What is the marketing strategy for the brand?
Spencer McHugh: One of the most important factors about this brand is it is born in 2012 - it is a digital brand at its heart. We are already up and moving on our social platforms, so what we do is almost as important as what we say with the brand.
Clearly digital marketing and social channels have an important part to play in the launch campaign, so we have been working closely with the likes of Twitter, Facebook and YouTube to bring together the best brains in digital.
Digital will be at the heart of the launch campaign. For us it is less about how much we spend and more about how it behaves in the channels in 2012.
SD: We are really excited about the campaign and are determined to make a big a splash. We aren't revealing spend, but it is going to be very big.
IN: Spencer’s point about ‘born in Britain in 2012’ is a huge point. You’ve got a society which is one of the most digitally advanced in the world and yet is behind lots of our competitors in 4G. At a time of slow growth, here is something, after the Olympics, that can be a boost to the way we feel and think, and also a boost to commerce and business.
Forget the budgets and channels you use – this will be a big deal in British history regardless.
What are the key differences between the brands?
SD: For EE, consider it superfast, 4G, combined with fibre, for consumers and businesses. It will have a whole variety of propositions which will help differentiate it, and position it as a communications brand in the wider sense. Orange is a mobile brand which comes with inclusive rewards as standard, such as Orange Wednesdays.
T-Mobile is a brand we have been changing over the past 12 months, positioning it more strongly as a value brand. We have enjoyed huge success with the Full Monty campaign, which is about simple, straightforward, good value.
Are there plans to wind down Orange and T-Mobile?
SD: No. Activity around Orange and T-Mobile will continue. We are a company offering a multi-brand choice to the market and our customers can choose any of those brands. Orange and T-Mobile customers can move across to EE or stay with the brand they are on.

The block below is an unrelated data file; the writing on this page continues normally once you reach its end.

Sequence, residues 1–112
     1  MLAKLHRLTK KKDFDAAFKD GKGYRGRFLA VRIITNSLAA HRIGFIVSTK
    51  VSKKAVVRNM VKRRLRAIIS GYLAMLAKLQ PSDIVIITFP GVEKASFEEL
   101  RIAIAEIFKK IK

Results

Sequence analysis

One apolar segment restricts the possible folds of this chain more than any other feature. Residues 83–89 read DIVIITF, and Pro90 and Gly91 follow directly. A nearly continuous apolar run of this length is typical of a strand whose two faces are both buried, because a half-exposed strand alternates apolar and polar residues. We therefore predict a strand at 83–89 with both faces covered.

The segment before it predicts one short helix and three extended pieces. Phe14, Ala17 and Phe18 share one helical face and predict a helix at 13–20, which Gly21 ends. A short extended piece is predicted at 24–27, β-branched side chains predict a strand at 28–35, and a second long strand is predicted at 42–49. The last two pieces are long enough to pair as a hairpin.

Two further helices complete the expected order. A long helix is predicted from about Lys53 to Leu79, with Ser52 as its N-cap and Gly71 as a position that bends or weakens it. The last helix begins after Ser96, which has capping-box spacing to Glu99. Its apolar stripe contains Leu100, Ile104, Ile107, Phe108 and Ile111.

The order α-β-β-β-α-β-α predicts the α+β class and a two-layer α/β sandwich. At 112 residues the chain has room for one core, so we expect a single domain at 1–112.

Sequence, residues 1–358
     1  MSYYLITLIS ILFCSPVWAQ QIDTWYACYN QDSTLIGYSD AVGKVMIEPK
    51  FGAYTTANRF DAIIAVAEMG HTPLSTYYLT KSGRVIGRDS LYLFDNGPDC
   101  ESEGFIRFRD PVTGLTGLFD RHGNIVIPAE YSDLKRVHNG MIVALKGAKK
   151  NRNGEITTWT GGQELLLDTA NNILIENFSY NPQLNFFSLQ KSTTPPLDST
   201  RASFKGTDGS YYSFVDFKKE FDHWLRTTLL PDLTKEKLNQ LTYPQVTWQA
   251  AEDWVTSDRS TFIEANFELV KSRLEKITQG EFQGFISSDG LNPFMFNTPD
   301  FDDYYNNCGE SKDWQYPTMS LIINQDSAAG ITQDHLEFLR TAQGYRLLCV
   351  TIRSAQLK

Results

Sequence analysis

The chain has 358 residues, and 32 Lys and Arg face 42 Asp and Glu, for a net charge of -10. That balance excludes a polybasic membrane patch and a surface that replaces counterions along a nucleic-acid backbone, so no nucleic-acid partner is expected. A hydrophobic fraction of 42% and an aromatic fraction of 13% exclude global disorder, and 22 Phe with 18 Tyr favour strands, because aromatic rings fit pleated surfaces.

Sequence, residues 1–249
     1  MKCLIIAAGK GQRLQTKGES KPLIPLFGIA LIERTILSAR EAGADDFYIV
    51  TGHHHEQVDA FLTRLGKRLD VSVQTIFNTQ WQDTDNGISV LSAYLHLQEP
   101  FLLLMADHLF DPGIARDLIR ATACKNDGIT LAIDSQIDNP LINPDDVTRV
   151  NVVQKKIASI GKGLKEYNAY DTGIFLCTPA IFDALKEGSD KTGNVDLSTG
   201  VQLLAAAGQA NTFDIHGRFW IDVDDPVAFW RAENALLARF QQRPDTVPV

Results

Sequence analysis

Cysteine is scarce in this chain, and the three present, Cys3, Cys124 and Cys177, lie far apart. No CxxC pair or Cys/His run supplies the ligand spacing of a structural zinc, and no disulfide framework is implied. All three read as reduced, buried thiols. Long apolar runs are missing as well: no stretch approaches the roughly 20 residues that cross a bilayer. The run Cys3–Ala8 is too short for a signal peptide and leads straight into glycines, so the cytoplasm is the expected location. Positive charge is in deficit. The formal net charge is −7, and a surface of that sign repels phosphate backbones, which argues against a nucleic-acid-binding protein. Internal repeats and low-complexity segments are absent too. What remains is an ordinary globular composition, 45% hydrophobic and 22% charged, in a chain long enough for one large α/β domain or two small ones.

A lot of people will want to buy into EE because of 4G but if you live in part of country where you will not get 4G for a while, you might choose to join Orange or T-Mobile.
It is something which has been much speculated, and we are saying, for the moment, this is what we are doing.
There has been strong criticism over Ofcom’s decision to grant EE the right to roll 4G ahead of competitors. Does its decision give you a huge advantage?
SD: Our competitors could have done this as well and we think it is rather churlish to that they continue to say Ofcom has made a bad mistake because it hasn’t. They could have applied for the ability to refarm their existing spectrum.To refarm you need capacity to do it. One of the things they have said is they don’t have capacity – that is just nonsensical from an engineering point of view.
One of the other things they have said is there is no ecosystem for the 900MHz spectrum, which they operate on and there is.
There is an operator in Sweden operating on 900MHz today with network and device infrastructure and there is one in Australia. Those operators, like what we have had to do, is go to suppliers in the industry and say they want to launch 4G, can we have the device or network box to do that?
We did all that - that required a positive decision, positive investment and positive action from the company, as well as the request to get regulatory permission. We’ve not done anything they couldn’t have done – they just chose a different route and now they are saying that is unfair, which is ridiculous.
So will this give us an advantage? We hope so.